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Online advertising is not only about clicks, leads and acquisitions… branding is important too….
There are a number of competing online advertising models on the net. By far the most dominant one used by online publishers is the Cost-per-Thousand (CPM) model. CPM is the closest online advertising gets to advertising in traditional media. The advertiser pays in advance to place an advert that will be displayed to the website’s readership base, which should generate return on investment. Through the campaign there will be branding for the advertiser, click-throughs on the advert, leads and hopefully acquisition of the product. Everyone’s happy.
Then there are two other online advertising models – not terribly popular with online publishers — that least resemble traditional advertising. These are known as Cost-per- Acquisition (CPA) and Cost-per-Click (CPC) advertising. Online publishers are wary of these models because they say these types of ads fail to recognise the important branding component of advertising.
For CPC advertising, the advertiser only pays when a user clicks on the advert. The most famous implementation of this is Google’s contextual search ads, which is a mostly text-based CPC model networked across millions of online brands, from the largest to smallest publishers.
Critics of this model say it relies too much on honesty, because who is to say a person clicking on the ad is not just clicking arbitrarily or trying to ramp up a website’s revenue? This is otherwise known as “click fraud”. Supporters of CPC counter that although fraud is unavoidable, instances of honest usage by far outweigh comparatively smaller instances of fraud.
Most large online publishers generally avoid the CPC and CPA models because they claim it puts them on the back foot and results in an unfair relationship with the advertiser. Despite resistance to this kind of advertising, however, publishers have made exceptions by allowing Google ads on their sites simply because they work so well and the ads are mostly text-based so generally don’t result in free branding.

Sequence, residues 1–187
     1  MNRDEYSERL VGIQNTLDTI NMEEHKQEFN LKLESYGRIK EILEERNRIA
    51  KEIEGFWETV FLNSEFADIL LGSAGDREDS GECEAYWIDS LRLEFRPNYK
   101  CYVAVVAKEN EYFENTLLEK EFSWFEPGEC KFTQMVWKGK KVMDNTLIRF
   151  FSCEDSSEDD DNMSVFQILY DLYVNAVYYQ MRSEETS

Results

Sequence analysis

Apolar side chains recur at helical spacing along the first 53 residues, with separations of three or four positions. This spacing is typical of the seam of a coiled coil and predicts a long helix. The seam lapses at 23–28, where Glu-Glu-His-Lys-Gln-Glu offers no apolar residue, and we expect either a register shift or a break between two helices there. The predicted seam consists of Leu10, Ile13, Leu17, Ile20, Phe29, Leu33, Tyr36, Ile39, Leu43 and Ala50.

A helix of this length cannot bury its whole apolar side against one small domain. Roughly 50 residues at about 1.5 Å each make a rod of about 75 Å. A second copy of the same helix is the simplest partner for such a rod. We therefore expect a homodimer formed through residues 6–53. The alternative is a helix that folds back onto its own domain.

But by far the most controversial advertising from an online publisher’s perspective is the CPA model. It effectively means that an advertiser can place advertising on a publisher’s website and pay only if a user results in a lead or buys the advertiser’s product or service. That means branding and even click-throughs come free.
Imagine if this advertising model was as popular in the print or broadcast world as it is online? Television and magazine companies would be bankrupt.
On the face of it CPA advertising may appear to make sense. Because the net is so measurable, we are able to track who clicked on what advert and bought which product with chilling accuracy. It’s this added benefit of measurability the internet brings to the party. It makes publishers more accountable to advertisers, and gives an advertiser more control over their campaigns.
But just because we are able to measure click-throughs and acquisitions on a particular ad campaign, it does not mean this should be the only measurement for success.
Publishers argue the CPA model fails to recognise the importance of branding. A user may not click on an ad or buy the product then and there – but the user is exposed to the brand which may lead to a purchase via another channel at a later stage.
This is the way the advertising model has worked for years and years, so why re-invent the wheel?